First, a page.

The U.S. Navy’s Columbia-class will be a ballistic missile submarine to replace the current Ohio-class submarines as an element of the United States’ strategic nuclear force.

U.S. Navy Awards $101M to General Dynamics Nuclear Sub Program

Oct. 5, 2016
Continuing development work on missile compartment for Ohio-class replacement series Authorizes procurement of 22 tubes Construction to start in 2021

The U.S. Navy has awarded a $101.3-million contract modification to General Dynamics Corp.’s Electric Boat subsidiary to continue development work for the Common Missile Compartment of the forthcoming Columbia-class nuclear submarine — a replacement series for the Navy's current Ohio-class and the United Kingdom's Successor-class ballistic-missile submarine. The contract modification authorizes Electric Boat to procure 22 missile tubes for manufacturing of the Common Missile Compartment.

Replacing the Ohio-class has been long-term project: it has been in discussion for nearly a decade, and in 2012 the Navy issued a five-year contract worth up to $1.85 billion to General Dynamics for research and development work. That initial contract covered design costs and continuing design work for a new common missile compartment for nuclear submarines – a project begun by the Navy with Electric Boat in 2008.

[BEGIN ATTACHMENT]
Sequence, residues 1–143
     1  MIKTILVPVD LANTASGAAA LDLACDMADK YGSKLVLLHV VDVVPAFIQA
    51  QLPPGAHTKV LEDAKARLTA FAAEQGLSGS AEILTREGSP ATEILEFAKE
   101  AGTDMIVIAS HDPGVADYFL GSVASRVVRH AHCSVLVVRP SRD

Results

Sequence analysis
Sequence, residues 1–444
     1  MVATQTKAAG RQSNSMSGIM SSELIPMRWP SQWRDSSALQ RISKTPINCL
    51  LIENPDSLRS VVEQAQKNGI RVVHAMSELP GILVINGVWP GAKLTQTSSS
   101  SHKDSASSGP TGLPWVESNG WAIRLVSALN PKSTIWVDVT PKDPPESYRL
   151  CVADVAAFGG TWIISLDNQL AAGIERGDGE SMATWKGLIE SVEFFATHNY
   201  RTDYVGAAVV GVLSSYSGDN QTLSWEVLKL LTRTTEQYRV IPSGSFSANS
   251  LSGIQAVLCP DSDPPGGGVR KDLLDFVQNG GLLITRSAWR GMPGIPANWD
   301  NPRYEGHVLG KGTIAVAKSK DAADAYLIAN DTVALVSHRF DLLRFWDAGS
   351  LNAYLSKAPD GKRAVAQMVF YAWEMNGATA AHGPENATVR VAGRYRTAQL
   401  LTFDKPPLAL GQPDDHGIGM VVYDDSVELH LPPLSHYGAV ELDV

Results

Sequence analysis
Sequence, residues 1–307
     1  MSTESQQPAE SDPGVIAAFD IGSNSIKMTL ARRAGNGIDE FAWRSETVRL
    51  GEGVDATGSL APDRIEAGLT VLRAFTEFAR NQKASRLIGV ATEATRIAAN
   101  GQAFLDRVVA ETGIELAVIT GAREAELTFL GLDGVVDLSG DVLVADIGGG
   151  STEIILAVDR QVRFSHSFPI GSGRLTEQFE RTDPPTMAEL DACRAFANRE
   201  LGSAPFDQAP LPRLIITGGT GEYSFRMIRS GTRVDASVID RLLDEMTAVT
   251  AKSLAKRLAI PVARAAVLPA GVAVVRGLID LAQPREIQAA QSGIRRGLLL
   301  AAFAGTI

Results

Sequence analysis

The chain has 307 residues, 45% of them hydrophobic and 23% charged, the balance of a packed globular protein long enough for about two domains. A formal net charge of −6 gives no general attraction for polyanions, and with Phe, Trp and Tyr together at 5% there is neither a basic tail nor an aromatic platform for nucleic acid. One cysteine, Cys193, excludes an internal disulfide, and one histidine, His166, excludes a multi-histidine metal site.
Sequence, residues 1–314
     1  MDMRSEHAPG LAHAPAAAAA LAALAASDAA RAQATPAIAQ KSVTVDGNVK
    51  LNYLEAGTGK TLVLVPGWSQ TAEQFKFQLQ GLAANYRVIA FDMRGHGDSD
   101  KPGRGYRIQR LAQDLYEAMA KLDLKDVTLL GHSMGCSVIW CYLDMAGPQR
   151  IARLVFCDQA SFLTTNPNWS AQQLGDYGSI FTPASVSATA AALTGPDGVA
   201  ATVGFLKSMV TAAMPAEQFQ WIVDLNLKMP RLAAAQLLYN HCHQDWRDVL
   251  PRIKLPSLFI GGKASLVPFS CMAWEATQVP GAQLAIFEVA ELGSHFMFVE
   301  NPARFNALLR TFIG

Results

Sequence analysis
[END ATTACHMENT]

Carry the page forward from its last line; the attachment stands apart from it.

Electric Boat is the prime contractor for the Columbia-class program, and Huntington Ingalls Industries’ Newport News Shipbuilding also will build some of the vessels. Numerous other contractors are involved designing and supplying various main components and systems.

The new submarines will be 560 feet long and 43 feet in diameter — the same length and roughly the same diameter as the Ohio-class subs. Each new submarine will have 16 missile tubes and each tube will be capable of carrying a Trident II D5LE missile.

The U.S. Navy plans to purchase 12 new submarines to replace its current Ohio-class ballistic submarine fleet. Construction is due to begin in 2021, with the first subs entering service in 2031.

The Columbia-class program is projected to have a service life of 50 years or more.

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